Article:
In uifigure-based apps, create the main app UI figure using the uifigure function and return the Figure object as a variable. Then, pass that variable as the first argument to the UI component functions.

fig = uifigure;
btn = uibutton(fig,"BackgroundColor","blue");
cbx = uicheckbox(fig,"Position",[220 100 84 22]);

For more information, see Update App Figure and Containers.

Update Component Properties

UI component objects and UIControl objects have many of the same properties. For example, both types of objects have Position, BackgroundColor, and FontSize properties. You can use the same code to set these properties for both UIControl objects and UI components.

However, if you set certain UIControl properties in your app, you might need to update the names or values of these properties when you transition to using UI components. This table lists some common properties of UIControl objects that differ from UI component properties and suggested actions to take if you set these properties in your code. If you encounter an error related to a property that is not listed in the table, see the properties page of the specific UI component to resolve the error. For a list of all UI components and links to their properties, see App Building Components.

UIControl PropertyDescriptionSuggested Actions

The String property of a UIControl object specifies the display text for the component. Depending on the UI component, this property is replaced by Text, Value, or Items.

  • Labels, buttons, and check boxes — Replace references to String with Text.

  • Edit fields and text areas — Replace references to String with Value.

  • Drop-down components and list boxes — Replace references to String with Items.

UnitsThe Units property of a UIControl object specifies the units of measurement for the object. UI component objects do not have a Units property. All UI components use pixel units to measure distances.

Update the Position property of your UI components to use pixel units.

Alternatively, if you use normalized units to manage app resize behavior, instead update your app layout to use a grid layout manager.

For more information, see Manage App Resize Behavior Programmatically.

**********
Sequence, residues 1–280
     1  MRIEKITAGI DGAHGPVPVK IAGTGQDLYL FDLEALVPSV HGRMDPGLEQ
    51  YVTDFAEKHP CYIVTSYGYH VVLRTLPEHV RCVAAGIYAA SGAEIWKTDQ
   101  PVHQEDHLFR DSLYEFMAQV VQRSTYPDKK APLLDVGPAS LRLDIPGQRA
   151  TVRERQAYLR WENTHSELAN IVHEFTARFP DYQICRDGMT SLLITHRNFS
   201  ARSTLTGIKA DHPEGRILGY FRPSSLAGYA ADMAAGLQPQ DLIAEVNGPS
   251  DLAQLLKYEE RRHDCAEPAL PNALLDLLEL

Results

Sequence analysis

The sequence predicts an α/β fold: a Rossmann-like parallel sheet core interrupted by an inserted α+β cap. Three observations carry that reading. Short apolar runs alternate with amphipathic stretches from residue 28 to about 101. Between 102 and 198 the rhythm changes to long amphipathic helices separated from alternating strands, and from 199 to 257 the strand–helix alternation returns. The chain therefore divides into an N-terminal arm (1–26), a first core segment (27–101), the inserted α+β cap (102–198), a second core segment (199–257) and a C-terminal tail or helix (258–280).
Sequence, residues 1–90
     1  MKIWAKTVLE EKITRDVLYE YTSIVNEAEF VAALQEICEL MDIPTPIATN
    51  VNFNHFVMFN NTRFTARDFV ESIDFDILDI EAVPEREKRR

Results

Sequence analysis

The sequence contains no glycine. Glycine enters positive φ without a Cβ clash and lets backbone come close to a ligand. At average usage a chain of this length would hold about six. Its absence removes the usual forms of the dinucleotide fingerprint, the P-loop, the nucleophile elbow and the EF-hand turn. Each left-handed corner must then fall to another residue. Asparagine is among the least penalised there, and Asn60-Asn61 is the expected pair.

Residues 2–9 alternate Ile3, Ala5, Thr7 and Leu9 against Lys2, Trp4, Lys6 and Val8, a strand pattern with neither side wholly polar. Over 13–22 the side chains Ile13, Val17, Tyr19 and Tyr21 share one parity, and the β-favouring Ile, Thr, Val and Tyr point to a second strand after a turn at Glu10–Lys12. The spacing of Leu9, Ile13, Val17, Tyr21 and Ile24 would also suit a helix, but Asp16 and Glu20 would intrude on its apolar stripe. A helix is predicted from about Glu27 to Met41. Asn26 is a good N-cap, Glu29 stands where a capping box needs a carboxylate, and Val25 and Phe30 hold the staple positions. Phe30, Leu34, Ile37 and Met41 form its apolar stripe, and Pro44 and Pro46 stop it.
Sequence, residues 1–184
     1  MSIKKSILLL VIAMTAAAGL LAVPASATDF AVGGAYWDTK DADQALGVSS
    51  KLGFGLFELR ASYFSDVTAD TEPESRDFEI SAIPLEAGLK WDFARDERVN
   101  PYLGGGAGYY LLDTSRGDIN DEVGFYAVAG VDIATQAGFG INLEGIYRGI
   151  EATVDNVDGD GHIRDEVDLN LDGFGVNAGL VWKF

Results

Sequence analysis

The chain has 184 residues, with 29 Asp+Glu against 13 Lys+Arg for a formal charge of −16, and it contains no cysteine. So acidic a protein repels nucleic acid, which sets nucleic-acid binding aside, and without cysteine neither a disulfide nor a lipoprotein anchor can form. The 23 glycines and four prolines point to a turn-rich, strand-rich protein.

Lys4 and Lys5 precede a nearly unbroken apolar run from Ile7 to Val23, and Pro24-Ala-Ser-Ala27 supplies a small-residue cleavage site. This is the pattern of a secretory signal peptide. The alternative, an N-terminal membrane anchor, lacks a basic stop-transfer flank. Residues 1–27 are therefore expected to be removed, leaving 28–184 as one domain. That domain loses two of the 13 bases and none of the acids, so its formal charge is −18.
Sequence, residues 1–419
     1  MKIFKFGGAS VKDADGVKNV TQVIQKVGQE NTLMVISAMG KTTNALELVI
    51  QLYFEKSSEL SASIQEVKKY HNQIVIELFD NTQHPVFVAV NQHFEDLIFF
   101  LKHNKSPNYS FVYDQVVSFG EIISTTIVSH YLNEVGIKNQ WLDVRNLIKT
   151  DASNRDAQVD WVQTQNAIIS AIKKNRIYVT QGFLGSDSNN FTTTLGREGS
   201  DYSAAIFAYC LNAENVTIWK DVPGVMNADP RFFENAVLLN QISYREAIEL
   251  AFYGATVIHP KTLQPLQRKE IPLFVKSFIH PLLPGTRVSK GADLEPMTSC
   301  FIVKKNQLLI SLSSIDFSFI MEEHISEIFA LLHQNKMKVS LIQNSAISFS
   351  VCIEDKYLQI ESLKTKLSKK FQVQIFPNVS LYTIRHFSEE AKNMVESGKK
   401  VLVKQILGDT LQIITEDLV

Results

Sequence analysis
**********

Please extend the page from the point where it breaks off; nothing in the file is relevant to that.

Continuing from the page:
ValueThe Value property modifies the status of certain UIControl objects. For each of these UIControl styles, the equivalent UI component also has a Value property. However, the types of property values you specify might differ.
  • State buttons, toggle buttons, radio buttons, and check boxes — Specify Value as 0 (unselected or raised) or 1 (selected or depressed).

  • Drop-down components and list boxes — Specify Value as an element of Items.

  • Sliders — No changes needed. The Value property for sliders has the same effect in UIControl objects and Slider UI components.

ForegroundColorThe ForegroundColor property of a UIControl object specifies the text color for the component. In UI components, this property is named FontColor.Replace all references to ForegroundColor with FontColor.
Max and MinThe values of the Max and Min properties have different effects depending on the UIControl style. UI components have separate properties with more specific names and behavior.
  • Sliders — Use the Limits property to set the maximum and minimum slider values.

  • Edit fields and text areas — Create an edit field for single-line text and a text area for multi-line text.

  • List boxes — Set the MultiSelect property to 'on' to allow users to select multiple items.

CDataThe CData property specifies an icon or image associated with a UIControl object. UI components that support icons have an Icon property instead. In addition, there is an image UI component for displaying images in an app.
  • Push buttons and toggle buttons — Specify Icon as a 3-D array of truecolor RGB values or a path to an image file.

  • Standalone images — Use the uiimage function.